NASCAR Fan Q & A · Matt Taliaferro · Wednesday April 4, 2007
“The adjustments taken put a greater emphasis on winning races. Winning is what this sport is all about. Nobody likes to see drivers content to finish in the Top 10. We want our sport â€” especially during the Chase â€” to be more about winning.”
Those were the words of NASCAR chairman and CEO Brian France in late January when he announced his new points system under the Chase format. You know, the one that is so ingenious he thought of it while in his car on the way to breakfast one morning? In case you’ve been locked in a cave these last few months, I’m referring to the changes that pay both an extra five points to the winner during the regular season, then add an extra 10 points for each win when the Chase rolls around.
Those make it all about winning, huh, Mr. France? Well, guess you haven’t met Jimmie Johnson.
You see, Brian, Jimmie here has won three races this year, and the circuit has only hit the track six times. Yeah, that means he’s won 50% of his starts this year…a pretty good percentage if you ask me. Problem is, Jimmie is third in points behind two guys who have yet to win a race this year. Heck, one of them has finished second to Jimmie twice now!
So, please explain, Mr. France, how it is that wins are worth more. Oh! That’s right, I remember: It’s that sneaky 10-point bonus our boy Jimmie gets per win once the playoffs start which makes his trips to Victory Lane all worthwhile. Let's see; so if the season were to end today, that'd give our young hotshoe a grand total of 5,030 points, and he would be the No. 1 seed in the Chase. It'd also create a big tie for second, where Matt Kenseth, Kyle Busch and Kevin Harvick would each have 5,010 points.
Wow! That means Jimmie’d have a whopping 20-point lead heading into the playoffs! What a solid cushion! So if Kenseth wins the first race of the Chase and leads the most laps, and Jimmie finishes second without leading a lap…he’ll have already lost the point lead under this scenario. I'm sure Chad and the boys back at the shop really appreciate that after all the labor they put into kicking the pants off of everyone on the circuit this year.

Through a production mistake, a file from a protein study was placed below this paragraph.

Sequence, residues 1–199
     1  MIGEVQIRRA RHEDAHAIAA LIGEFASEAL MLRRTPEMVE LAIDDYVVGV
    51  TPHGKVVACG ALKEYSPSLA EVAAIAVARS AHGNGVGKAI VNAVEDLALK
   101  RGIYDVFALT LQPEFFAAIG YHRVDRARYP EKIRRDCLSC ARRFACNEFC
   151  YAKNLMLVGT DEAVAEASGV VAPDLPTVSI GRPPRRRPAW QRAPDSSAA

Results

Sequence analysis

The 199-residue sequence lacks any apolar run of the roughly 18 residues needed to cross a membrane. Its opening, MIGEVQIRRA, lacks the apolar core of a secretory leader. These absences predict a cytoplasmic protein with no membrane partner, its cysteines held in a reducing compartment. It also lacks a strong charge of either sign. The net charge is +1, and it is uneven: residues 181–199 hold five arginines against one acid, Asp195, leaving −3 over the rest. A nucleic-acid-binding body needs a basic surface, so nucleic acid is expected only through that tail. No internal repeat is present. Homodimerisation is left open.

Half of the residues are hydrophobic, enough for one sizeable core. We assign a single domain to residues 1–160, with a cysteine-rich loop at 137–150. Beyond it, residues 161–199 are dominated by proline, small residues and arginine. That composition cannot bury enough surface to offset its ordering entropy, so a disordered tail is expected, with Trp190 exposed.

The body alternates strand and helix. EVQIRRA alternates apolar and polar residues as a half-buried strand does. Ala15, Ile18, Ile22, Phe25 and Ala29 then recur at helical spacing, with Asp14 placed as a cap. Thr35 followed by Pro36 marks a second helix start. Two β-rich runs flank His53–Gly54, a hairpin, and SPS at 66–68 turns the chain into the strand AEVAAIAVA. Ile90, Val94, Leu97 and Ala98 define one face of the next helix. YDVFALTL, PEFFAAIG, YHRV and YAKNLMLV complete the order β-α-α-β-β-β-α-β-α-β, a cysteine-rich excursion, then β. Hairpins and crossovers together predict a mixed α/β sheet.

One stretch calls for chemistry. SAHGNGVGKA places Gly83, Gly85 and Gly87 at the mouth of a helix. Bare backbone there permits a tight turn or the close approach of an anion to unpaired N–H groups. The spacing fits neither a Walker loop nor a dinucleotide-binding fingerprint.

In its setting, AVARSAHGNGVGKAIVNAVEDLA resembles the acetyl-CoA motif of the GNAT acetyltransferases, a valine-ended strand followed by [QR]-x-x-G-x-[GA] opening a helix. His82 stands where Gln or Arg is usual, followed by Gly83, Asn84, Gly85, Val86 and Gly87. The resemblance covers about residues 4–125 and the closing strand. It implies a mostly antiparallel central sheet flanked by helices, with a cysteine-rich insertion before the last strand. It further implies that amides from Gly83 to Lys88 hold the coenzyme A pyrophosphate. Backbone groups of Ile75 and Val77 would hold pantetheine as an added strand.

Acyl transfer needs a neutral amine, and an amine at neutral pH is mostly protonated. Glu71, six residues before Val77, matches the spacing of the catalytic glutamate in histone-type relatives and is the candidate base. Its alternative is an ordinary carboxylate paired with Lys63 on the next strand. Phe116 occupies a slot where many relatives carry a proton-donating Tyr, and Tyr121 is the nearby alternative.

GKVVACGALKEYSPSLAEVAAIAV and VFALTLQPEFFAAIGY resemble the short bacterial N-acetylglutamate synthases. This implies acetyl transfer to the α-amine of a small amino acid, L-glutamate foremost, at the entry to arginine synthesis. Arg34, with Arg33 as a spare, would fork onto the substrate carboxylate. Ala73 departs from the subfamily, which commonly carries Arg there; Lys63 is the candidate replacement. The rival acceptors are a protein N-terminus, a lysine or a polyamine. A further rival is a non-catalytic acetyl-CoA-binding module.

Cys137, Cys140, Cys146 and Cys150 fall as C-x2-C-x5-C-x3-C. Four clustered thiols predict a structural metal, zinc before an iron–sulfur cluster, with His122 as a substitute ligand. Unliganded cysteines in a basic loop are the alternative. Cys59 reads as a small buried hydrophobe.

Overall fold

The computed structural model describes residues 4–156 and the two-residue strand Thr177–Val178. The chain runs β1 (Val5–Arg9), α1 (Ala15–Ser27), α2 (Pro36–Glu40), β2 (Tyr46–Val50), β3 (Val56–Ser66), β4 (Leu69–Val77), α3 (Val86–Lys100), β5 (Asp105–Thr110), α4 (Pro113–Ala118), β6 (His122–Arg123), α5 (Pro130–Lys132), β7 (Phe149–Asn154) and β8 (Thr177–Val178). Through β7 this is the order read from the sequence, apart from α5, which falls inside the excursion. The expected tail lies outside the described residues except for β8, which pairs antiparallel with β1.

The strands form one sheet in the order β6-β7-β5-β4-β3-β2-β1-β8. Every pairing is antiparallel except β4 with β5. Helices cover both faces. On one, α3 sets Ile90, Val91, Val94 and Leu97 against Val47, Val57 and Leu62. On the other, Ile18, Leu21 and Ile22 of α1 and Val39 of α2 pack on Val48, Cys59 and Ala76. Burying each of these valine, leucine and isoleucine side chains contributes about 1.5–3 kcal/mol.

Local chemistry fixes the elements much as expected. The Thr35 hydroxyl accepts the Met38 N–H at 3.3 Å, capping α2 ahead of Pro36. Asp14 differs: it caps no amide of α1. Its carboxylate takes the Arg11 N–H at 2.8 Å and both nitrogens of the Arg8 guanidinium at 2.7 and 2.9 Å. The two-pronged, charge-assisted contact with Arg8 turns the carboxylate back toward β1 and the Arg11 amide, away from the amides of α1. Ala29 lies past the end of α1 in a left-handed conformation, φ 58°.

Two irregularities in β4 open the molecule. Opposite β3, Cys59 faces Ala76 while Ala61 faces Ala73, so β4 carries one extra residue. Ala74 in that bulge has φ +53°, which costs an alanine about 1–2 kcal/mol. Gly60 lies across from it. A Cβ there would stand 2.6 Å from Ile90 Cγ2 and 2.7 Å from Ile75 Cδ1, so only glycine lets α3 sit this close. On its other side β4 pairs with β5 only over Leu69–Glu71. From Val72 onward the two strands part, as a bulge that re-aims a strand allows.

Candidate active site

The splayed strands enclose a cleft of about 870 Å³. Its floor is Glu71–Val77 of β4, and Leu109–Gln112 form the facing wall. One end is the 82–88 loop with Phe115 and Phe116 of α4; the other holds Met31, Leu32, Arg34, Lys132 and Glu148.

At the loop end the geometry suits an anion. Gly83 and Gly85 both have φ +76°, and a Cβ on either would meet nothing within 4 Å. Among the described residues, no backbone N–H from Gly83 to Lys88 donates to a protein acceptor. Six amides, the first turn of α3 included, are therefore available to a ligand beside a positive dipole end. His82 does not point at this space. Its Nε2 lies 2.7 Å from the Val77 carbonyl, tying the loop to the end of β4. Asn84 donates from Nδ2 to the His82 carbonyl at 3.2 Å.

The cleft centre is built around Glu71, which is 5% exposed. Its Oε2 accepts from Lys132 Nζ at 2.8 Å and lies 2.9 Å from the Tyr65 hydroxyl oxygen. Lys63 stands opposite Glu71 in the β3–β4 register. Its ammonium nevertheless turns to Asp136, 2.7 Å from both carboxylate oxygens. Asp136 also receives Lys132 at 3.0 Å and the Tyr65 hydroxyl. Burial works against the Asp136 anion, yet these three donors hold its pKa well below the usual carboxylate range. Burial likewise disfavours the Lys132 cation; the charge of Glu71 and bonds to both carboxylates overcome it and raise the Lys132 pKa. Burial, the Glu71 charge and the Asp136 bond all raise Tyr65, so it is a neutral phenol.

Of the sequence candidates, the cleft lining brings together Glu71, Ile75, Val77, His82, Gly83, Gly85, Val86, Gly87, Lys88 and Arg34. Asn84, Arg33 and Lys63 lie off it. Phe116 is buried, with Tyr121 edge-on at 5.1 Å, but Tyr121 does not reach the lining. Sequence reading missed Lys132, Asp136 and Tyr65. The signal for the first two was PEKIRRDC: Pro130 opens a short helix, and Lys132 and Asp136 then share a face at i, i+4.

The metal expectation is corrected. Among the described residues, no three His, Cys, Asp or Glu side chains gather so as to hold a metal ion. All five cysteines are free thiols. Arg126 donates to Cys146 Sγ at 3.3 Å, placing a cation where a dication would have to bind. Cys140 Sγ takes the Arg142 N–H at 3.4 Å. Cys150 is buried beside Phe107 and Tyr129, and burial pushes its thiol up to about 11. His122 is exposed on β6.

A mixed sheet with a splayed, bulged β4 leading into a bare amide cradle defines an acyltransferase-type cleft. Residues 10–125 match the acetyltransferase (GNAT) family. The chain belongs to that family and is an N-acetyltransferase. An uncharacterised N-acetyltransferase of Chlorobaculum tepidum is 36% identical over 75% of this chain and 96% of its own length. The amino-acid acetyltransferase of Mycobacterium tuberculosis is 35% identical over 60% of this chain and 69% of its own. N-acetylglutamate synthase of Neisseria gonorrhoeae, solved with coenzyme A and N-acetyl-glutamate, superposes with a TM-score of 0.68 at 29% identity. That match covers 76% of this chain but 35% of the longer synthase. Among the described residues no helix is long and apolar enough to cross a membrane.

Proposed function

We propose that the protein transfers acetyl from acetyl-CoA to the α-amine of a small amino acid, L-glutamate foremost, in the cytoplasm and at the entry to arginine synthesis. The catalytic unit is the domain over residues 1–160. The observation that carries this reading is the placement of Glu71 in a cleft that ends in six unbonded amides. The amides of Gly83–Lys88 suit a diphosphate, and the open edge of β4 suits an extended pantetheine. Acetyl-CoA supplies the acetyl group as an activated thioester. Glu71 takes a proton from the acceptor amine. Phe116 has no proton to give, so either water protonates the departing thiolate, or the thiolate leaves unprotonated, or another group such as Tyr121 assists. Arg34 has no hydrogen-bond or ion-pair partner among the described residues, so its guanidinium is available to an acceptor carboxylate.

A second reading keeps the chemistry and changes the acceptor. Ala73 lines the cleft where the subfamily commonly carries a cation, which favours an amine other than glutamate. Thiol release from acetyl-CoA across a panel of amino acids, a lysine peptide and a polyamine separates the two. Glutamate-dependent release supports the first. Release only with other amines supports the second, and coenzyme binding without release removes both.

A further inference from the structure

But it’s all about winning, right Brian? Let’s just say if you believe that much from NASCAR’s CEO, you could probably get clued in on a completed 3/4-mile racetrack in Staten Island he'd like to sell you.
Okay, onto the questions. Give me a shout with a rant, question, comment or your take on any of the myriad of topics alive and well in the sport today. The address is Matt.Taliaferro@frontstretch.com.
Q: God bless you, Matt for saying that you'd rather see what happens post-race than all that pre-race crap. I don't need to see an hour buildup for the race. I'm already going to watch it. I want to see the cars fighting for position as they come to the checkers, NOT a close up of the flagman or the crew high-fiving as the pack comes sliding across the line. The end of the race is the most exciting part, and that is when I could use some of these big mouth announcers’ analysis. Thanks for reading this, Matt, and good job on your articles. â€” Ron S.
A: Very relevant take, Ron; and thanks. FOX treats its NASCAR broadcast the same as its NFL coverage: Give America an hour pre-game show to get the casual fan caught up on current events within the sport while giving the viewing audience a chance to get to know the drivers' personalities. It's a tried and true formula; one that has helped the NFL blossom into the ratings monster it is.
My problem â€” and one that many diehard fans have â€” is that we know what's going on in the sport. The information being relayed to us is old news. So my beef is that after the race, the trusty pit reporters (who I believe do one helluva job) get in two or three interviews, Chris Myers gives us a partial rundown of the updated standings, and it's off to a rerun of The Simpsons.
Note to FOX: If you really want to entertain the viewing audience and give us access to the drivers' personalities, present a thorough lineup of interviews once the race is complete. Candid drivers = viewership = big bucks from commercial advertisers.
Q: Jeff Gordon, what a freaking crybaby! He couldn't get past Johnson even after he tried to bump him out of the way, and then he bad mouths his own teammate after the race for blocking??!! Give me a break! â€” Awesome Bill
A: Fair enough. Gordon laid the bumper to the 48, but couldn't get him squirrelly enough to get by, and Johnson had every right to the real estate he owned at the time. Gordon said on the radio, “If he's going to run me like that, he's giving me no ——ing choice.”
Jeff called it blocking; I call it racing to win, so I did not think his comments were warranted. Still, we have to remember that when these guys get out of the car and a microphone gets shoved in their face, they are all geeked up on adrenaline (see: candid drivers = viewership). Still, I in no way agreed with his post-race blocking complaint. Jimmie raced for the win and got it…I say well done.
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